Age, Biography and Wiki
Michael Tollin was born on 6 October, 1955 in Philadelphia, PA, is a Director, executive producer.
|Occupation||Director, executive producer|
|Age||65 years old|
|Born||6 October 1955|
Michael Tollin Height, Weight & Measurements
At 65 years old, Michael Tollin height not available right now. We will update Michael Tollin’s Height, weight, Body Measurements, Eye Color, Hair Color, Shoe & Dress size soon as possible.
|Body Measurements||Not Available|
|Eye Color||Not Available|
|Hair Color||Not Available|
Who Is Michael Tollin’s Wife?
His wife is Robbie Tollin
Michael Tollin Net Worth
He net worth has been growing significantly in 2018-19. So, how much is Michael Tollin worth at the age of 65 years old? Michael Tollin’s income source is mostly from being a successful Director. He is from PA. We have estimated Michael Tollin’s net worth, money, salary, income, and assets.
|Net Worth in 2020||$1 Million – $5 Million|
|Salary in 2019||Under Review|
|Net Worth in 2019||Pending|
|Salary in 2019||Under Review|
|Source of Income||Director|
Michael Tollin Social Network
|Michael Tollin Facebook|
|Wikipedia||Michael Tollin Wikipedia|
Michael Tollin is an American film and television producer/director who served as Executive Producer of The Last Dance, the 10-part documentary series on Michael Jordan and the Chicago Bulls dynasty. The series received rave reviews (96% on Rotten Tomatoes) and set numerous ratings records, being seen by nearly 15 million viewers per episode on ESPN and many million more on Netflix around the world. Tollin’s other career highlights include Radio, Coach Carter, Hank Aaron: Chasing the Dream, and Varsity Blues. He has also produced and/or directed such movies and television shows as Arli$$, Smallville, One Tree Hill, All That, Kenan & Kel, Summer Catch, Wild Hogs, Dreamer (2005 film), Good Burger, Big Fat Liar, and The Bronx is Burning. Tollin has also directed and/or produced documentaries, including Let Me Be Brave, Morningside Five, Iverson, Kareem: Minority of One, and Small Potatoes: Who Killed the USFL?. He is currently the co-chairman of Mandalay Sports Media.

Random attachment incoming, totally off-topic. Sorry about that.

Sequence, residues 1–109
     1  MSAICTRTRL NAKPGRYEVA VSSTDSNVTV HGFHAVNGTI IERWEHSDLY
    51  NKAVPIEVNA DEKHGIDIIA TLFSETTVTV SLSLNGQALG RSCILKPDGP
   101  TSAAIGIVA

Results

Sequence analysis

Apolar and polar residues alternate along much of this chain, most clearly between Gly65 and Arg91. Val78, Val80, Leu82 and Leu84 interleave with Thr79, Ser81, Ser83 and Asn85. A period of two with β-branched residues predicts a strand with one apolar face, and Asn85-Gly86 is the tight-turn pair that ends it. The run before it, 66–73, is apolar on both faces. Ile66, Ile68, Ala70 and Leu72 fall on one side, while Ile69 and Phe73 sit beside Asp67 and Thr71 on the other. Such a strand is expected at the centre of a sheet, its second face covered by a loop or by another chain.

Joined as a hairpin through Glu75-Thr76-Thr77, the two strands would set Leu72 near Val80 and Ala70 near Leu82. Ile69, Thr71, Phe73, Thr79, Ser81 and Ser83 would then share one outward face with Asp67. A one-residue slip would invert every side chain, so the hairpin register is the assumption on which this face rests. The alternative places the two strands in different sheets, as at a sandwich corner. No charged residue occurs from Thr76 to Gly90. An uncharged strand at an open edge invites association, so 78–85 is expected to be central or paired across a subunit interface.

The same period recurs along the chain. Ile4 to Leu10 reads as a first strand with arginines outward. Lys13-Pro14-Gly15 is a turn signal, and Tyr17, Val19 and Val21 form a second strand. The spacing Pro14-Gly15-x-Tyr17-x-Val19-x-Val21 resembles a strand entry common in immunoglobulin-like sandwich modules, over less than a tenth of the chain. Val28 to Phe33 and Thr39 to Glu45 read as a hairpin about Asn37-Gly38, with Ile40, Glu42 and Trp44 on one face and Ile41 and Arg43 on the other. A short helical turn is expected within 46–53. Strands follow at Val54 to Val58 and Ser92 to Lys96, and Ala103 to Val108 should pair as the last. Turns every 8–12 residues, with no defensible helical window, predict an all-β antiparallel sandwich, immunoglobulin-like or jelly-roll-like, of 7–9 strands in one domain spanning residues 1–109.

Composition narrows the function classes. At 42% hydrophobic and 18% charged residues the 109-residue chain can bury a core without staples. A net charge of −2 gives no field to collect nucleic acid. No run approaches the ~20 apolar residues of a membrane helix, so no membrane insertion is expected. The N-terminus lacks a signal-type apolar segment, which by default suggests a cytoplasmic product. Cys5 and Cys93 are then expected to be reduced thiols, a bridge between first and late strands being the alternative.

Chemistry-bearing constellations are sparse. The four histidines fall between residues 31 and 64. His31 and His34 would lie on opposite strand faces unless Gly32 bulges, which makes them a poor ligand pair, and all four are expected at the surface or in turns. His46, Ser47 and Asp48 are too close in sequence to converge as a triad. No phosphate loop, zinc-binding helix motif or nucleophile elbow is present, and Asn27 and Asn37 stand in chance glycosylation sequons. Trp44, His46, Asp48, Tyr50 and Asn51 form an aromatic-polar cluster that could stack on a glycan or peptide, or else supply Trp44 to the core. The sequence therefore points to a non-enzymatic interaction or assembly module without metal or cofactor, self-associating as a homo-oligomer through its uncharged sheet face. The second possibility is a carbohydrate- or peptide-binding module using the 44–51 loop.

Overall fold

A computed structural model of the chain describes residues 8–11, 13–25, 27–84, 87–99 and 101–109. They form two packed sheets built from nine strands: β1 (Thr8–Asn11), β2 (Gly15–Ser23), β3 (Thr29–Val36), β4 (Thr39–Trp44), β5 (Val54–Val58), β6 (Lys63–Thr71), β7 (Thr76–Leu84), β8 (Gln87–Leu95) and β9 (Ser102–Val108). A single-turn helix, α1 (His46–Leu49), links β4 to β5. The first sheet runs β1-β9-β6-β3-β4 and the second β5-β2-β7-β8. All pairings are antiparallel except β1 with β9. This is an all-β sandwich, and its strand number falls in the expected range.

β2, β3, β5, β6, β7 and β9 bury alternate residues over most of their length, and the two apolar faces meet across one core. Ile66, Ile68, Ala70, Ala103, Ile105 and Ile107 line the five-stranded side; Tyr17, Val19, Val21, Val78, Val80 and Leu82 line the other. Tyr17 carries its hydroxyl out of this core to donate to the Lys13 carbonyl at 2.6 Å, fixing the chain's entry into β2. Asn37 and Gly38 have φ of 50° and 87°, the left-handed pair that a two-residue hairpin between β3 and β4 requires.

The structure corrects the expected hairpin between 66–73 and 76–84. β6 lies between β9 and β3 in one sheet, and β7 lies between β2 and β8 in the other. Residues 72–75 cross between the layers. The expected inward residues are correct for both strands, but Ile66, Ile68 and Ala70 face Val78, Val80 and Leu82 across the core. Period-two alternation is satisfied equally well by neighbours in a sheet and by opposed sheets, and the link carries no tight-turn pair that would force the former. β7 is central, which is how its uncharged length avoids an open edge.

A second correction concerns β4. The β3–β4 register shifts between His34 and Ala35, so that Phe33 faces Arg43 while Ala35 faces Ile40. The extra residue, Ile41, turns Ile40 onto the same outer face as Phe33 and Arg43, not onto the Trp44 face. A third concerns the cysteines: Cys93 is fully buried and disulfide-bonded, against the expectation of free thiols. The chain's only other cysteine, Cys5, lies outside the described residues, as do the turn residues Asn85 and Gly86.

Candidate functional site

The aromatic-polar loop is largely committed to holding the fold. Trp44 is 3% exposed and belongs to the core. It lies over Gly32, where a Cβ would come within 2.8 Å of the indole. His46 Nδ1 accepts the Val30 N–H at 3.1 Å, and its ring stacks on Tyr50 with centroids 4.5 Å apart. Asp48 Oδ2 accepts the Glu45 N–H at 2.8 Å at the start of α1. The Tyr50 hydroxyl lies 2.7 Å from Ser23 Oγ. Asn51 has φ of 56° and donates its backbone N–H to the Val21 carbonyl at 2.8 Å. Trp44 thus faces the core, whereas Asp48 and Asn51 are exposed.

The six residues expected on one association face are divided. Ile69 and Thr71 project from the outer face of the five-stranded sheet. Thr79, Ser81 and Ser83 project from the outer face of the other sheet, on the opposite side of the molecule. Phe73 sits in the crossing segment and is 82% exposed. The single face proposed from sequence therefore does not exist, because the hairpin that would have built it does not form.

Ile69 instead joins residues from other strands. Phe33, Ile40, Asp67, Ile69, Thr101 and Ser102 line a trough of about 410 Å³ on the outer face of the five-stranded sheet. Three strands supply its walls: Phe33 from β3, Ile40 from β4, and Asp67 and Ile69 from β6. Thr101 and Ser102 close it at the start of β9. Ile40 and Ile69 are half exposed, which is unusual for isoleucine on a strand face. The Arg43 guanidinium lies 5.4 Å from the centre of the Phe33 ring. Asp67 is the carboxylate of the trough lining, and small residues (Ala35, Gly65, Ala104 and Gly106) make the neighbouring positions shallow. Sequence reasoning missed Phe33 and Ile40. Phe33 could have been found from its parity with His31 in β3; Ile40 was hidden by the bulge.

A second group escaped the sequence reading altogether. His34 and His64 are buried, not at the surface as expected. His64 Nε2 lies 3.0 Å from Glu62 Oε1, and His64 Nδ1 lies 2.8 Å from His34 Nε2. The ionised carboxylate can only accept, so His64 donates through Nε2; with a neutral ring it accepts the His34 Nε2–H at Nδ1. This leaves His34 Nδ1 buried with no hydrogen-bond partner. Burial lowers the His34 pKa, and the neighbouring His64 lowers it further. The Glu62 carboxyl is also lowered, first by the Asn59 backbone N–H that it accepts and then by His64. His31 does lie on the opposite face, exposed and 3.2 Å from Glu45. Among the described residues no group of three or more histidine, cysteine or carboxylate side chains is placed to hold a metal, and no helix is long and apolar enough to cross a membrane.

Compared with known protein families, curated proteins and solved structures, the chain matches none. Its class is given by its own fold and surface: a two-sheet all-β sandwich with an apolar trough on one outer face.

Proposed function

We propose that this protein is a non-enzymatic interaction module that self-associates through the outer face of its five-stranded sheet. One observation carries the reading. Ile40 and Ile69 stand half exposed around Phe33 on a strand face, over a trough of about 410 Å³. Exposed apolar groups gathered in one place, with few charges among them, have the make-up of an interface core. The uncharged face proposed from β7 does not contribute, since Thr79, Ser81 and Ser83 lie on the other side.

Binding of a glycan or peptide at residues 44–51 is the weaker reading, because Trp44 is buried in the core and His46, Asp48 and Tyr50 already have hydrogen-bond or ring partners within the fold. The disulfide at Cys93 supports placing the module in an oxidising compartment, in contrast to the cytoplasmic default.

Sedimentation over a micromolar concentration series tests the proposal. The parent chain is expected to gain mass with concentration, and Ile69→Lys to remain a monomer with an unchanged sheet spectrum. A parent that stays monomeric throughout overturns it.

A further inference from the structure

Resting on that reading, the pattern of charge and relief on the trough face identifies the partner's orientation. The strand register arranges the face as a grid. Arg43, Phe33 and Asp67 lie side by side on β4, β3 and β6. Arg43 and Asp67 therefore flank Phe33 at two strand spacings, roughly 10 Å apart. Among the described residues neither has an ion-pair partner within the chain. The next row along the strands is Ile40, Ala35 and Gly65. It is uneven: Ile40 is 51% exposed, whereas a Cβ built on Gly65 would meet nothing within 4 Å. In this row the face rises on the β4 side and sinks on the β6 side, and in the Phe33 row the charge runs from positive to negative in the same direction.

Tollin is an active philanthropist and sits on the board of directors of several foundations. Those foundations include Common Sense Media, which is dedicated to helping kids thrive in a world of media and technology, and the Hank Aaron: Chasing The Dream Foundation, a program that awards scholarships to assist youth in honing their skills through classes and tutoring. Tollin has also founded several charities himself. On November 9, 2014, Tollin co-founded the first annual World Adoption Day to celebrate adoption and raise awareness about financial barriers that prevent potential adopters from becoming parents. Tollin is also the founder of PACE (Philanthropy And Community Engagement) a small, private organization dedicated to finding and supporting effective non-profits, with a particular focus on children’s and family issues.